Binding router bit 1.5mm
This router bit has 2 cutting blades and a miniature ball bearing on the head of the cutter. Because this bearing is smaller than the cutting surface, you can cut away material in a thickness of 1.5 mm. Ideal for milling your binding channel!
The router bit is made of durable Tungsten steel (hard metal) and carbide tip for a long life.
The shaft is ¼ ". If your router has a holder for 8mm bits, order the conversion bus!
Some tips that can be useful when you are using your router:
These bits come with a silicone protection shell. Be careful when removing it, because the bits are very sharp!
Make sure to wear safety goggles, (fine) dust mask, hearing protection and to ensure a good working height, good visibility and that your hands, legs, feet and other limbs are away from the router bit. Always be alert and cautious when using a router. Carbide tips can break and projectile in any direction, as well as tear outs can do.
When you insert a cutter bit, or remove it from your router, remove the plug. Make sure your router bit is properly in the holder of your cutter. Use a conversion bus if necessary.
Routing with 2 flute bits you can use a speed of 18,000 to 24,000 revolutions per minute, depending on the material you want to route.
Routing with 3 flute bits you need a lower speed from 10.00 to 17.000 revolutions per minute because there is less space between the cutting blades. This also depends on the material you want to route.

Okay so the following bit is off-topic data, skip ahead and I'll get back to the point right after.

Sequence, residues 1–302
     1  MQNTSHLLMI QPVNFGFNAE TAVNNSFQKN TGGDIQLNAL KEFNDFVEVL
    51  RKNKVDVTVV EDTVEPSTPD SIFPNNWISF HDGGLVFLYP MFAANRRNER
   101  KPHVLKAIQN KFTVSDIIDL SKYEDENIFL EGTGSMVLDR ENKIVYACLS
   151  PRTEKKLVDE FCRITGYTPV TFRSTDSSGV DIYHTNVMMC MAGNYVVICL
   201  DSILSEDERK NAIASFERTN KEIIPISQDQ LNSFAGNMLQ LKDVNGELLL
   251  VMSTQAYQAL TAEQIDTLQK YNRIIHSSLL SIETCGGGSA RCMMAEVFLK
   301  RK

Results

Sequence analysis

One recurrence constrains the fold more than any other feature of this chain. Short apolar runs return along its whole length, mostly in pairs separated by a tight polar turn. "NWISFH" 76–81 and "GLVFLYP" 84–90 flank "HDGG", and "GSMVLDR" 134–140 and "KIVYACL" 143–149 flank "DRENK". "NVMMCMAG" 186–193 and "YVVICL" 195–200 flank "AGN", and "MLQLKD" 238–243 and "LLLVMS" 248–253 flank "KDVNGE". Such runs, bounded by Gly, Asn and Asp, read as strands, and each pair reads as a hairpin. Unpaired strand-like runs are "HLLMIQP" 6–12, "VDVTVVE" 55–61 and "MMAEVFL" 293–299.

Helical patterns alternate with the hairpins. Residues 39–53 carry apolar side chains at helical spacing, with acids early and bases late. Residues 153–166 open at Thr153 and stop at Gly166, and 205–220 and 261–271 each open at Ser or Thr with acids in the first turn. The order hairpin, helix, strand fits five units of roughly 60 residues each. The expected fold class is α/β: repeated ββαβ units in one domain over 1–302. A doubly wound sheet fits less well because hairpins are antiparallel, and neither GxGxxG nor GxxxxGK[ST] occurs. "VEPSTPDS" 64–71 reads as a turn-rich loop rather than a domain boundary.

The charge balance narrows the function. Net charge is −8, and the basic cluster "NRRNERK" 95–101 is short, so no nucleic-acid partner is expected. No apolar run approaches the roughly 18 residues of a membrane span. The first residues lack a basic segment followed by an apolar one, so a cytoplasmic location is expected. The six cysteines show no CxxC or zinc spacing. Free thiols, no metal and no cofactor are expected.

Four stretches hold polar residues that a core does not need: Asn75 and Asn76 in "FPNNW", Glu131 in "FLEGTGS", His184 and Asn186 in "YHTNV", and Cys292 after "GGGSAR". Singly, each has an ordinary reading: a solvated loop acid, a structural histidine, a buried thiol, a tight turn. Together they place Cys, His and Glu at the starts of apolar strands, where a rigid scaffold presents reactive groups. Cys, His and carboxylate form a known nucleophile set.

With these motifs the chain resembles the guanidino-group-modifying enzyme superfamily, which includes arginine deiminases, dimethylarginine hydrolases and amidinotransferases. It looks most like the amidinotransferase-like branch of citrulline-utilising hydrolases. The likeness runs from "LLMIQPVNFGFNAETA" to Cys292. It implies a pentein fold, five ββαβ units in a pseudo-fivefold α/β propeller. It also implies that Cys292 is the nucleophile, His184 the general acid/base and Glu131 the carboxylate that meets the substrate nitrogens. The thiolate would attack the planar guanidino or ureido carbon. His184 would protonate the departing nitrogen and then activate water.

Our router bits are suitable for all types of wood. Some types of wood, such as maple, are more susceptible to burn marks. To avoid this, you can reduce the speed, move the router faster, or work in smaller steps with less depth or thickness at once. Or a combination of these.
Work in steps:
As a guideline, do not route deeper in 1 session than the diameter of your cutter, nor broader in 1 session than half the diameter of your router bit, depending on the material. This prevents from putting too much pressure on your router bit, which could make it slip or tilt. When you have to remove more material, work in steps of 5-8mm, or 30-30-30-10%. By making the last step the smallest, you get the cleanest cut.
The router bit usually rotates clockwise. Move the router (or when you use a routing table, your workpiece) in the opposite direction so that the blades can do their work optimally.
If you cut a straight piece, such as a fretboard, cut from the outside to the inside to prevent the ends from breaking out.
If you cut a binding channel, first cut the most round areas (waist and horns) before you make a complete round, this prevents breakouts and outliers.
Make sure your template has clean edges and that your guide bearing is up to level with your template. If necessary, first cut the inner sides to depth until your guide bearing is at the correct height. Then cut your edges clean by following your template and then, if necessary, remove more depth.
Make sure your template is properly secured with, for example, double-sided tape or glue clamps with a larger template. If you work with clamps, use at least 2. If you have to move these to allow the router to pass, first place a third clamp to hold the template in place and then move the glue clamps one by one.
|Brand||TLC Guitar Goods|
|Type||Binding router bit|
|Flutes||2 straight flutes|
|shaft diameter||1/4 Inch|
|Material||Tungsten steel with carbide tip|
Good to know!
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